In the Science Direct (2006) article “The Last King: A royal maternity case solved by ancient DNA analysis” the author’s Jorgan Dissing, Jonas Binladen, Anders Hansen, Birgitte Sejrsen, Eske Willerslev and Niels Lynnerup informs the reader about the last Danish Viking Kings, Sven Estriden who died in A.D. 1074 and was entombed in the Roskilde Cathedral. The problem on hand and what the author’s make an attempt to reveal is whether or not Sven Estriden’s mother, Estrid was entombed in the pillar across the chancel, as there have been many doubts among historians whether the woman was indeed Estrid or someone else. To find whether Estrin was the actual mother, the author’s used variety of different tests and methods. The analysis done by these proficient authors included, DNA extraction methods and examination of skeletons while taking the most special care to ensure nothing got damaged proving that the woman buried was not Sven’s mother.
The ‘Last Viking King’ is written by a number of authors who have very prestigious academic backgrounds. There is in fact, no doubt that there is no shortage of professionals represented in regard to this scientific endeavor. Within this article the reader is given the academic departments that the authors are associated with; Jorgen Dissing is associated with the Research Laboratory, Jonas Binladen in the Department of Evolutionary Biology, Anders Hansen is associated with the Department of Evolutionary Biology and Department of Forensic Pathology, Birgitte Sejrsen is associated with the Department of Forensic Pathology, Eske Willersley the Center for Evolutionary Genetics and last but not least Niels Lynnerup who is affiliated with the Antrophological Laboratory. Between these authors, four are from the Institute of Forensic Medicine, one author is from the Biological Institute and the last author is from the Niels Bohr Institute. All six author’s are from the University of Copenhagen located in Denmark, which has produced 8 Noble Prize winners and the university itself has been ranked 44th in the world. (University of Copenhagen, 2012) With such variation of researchers in different fields the author’s worked in, it may have been reasonable to find some researcher’s from another university to contribute and also have actual author’s who had worked in the area of writing to help out. By no means do these authors fall short in terms of their qualifications and areas of expertise and one can only be reassured these author’s were more than certified in doing this study, but in terms of writing the article may have been more appealing if one of the author’s had a background history in writing.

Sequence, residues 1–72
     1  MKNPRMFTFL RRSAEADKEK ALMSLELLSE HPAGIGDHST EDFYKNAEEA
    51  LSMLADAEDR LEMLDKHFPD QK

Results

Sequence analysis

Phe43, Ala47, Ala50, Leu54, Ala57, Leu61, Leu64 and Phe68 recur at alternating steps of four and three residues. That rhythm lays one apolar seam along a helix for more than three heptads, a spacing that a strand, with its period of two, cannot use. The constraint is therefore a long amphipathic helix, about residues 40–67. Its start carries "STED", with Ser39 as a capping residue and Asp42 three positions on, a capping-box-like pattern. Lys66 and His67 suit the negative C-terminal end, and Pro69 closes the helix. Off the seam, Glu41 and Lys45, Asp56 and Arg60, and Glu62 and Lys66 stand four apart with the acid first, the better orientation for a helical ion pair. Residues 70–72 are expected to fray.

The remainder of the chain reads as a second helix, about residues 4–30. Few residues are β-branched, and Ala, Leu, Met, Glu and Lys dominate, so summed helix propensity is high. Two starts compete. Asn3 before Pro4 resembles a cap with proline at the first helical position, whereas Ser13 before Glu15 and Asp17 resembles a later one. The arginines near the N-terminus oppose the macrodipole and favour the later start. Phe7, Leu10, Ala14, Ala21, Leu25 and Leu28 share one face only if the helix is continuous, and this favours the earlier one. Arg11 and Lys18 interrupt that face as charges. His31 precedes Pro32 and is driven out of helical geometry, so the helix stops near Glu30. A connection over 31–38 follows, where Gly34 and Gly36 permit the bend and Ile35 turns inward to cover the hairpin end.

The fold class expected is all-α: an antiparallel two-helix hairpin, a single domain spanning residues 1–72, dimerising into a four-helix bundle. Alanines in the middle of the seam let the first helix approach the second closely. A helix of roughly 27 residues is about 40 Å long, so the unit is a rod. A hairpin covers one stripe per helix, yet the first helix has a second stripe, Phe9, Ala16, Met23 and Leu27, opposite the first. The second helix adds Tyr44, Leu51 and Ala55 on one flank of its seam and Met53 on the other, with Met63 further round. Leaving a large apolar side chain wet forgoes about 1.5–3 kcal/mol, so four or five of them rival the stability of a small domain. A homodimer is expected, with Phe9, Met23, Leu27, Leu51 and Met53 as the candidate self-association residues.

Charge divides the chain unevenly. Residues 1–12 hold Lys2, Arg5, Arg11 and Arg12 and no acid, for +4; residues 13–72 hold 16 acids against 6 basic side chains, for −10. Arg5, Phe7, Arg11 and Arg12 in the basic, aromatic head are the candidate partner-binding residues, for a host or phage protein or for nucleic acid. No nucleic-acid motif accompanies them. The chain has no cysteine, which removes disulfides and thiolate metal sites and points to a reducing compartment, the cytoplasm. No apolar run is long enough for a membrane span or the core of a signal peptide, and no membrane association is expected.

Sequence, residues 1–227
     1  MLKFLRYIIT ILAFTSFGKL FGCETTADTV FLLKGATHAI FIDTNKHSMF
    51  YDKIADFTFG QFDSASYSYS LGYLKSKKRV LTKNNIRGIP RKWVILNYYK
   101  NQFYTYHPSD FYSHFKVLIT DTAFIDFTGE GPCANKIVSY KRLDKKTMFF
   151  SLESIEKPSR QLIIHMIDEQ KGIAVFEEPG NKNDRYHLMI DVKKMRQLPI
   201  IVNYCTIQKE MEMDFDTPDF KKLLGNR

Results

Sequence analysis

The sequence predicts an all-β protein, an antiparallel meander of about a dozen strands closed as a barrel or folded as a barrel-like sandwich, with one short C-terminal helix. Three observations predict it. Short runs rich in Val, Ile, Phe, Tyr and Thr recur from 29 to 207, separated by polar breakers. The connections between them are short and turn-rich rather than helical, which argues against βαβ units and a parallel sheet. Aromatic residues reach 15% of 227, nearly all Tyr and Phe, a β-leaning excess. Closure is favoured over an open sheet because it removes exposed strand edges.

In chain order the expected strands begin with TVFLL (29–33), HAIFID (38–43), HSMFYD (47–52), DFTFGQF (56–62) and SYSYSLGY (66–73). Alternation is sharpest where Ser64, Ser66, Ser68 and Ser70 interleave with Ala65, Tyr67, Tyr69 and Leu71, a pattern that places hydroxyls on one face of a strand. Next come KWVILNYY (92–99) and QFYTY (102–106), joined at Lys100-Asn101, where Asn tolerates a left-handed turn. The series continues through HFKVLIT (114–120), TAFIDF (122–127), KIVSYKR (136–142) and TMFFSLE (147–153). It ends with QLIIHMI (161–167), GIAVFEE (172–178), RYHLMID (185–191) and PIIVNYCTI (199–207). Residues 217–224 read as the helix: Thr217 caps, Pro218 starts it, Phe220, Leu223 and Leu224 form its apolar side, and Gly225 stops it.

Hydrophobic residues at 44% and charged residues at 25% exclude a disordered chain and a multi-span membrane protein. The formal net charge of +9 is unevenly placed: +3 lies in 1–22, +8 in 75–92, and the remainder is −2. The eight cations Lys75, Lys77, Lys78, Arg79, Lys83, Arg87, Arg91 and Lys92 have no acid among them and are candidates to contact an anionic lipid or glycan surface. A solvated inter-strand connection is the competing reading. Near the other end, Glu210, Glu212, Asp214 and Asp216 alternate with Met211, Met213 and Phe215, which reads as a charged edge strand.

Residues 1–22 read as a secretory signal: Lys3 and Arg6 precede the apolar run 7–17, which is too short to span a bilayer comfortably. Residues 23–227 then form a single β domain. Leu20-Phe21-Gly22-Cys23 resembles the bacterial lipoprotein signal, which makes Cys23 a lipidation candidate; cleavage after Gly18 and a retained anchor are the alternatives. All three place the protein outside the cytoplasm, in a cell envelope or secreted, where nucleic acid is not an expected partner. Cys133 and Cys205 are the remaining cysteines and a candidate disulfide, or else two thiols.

In order to answer the question “Was the individual in the tomb indeed Sven’s mother Estrid?” the author’s used different methods that included extracting DNA, and examining skeletons to help them on their quest to find the answer. The first method consisted of extracting DNA from tooth samples. In order to do extraction of DNA, most methods are designed to deal with fresh tissues containing high molecular weight DNA and intact cells. (Nature Publishing Group, 2007) In ancient specimens there is usually no cell structure that are preserved due to extraordinary time periods the specimen has gone through. (Nature Publishing Group, 2007) So incases of ancient DNA extraction bone and teeth samples may be used to help extract potential DNA. In the case of this article, two teeth, the cannies and premolars, were extracted from both King Sven’s skull, and two from the skull perceived to be Sven’s mother Estrid. The researchers methods of extracted DNA came from their tooth samples, by using one tooth at a time. Some of the main stages the tooth went through included; being cleaned with a paper clutch soaked in 10% commercial bleach and UV-irradiated for 20 minutes on each side. Then the surface of the tooth was sealed by the application of two layers of cellulose lacquer. From there the root...
References: Dissing, Jorgen, Jonas Binladen, Anders Hansen, Birgitte Sejrsen, Eske Willersley, and Niels Lynnerup. "The Last Viking King: A Royal Maternity Case Solved by Ancient DNA Analysis." (2006): 21-27. Print.
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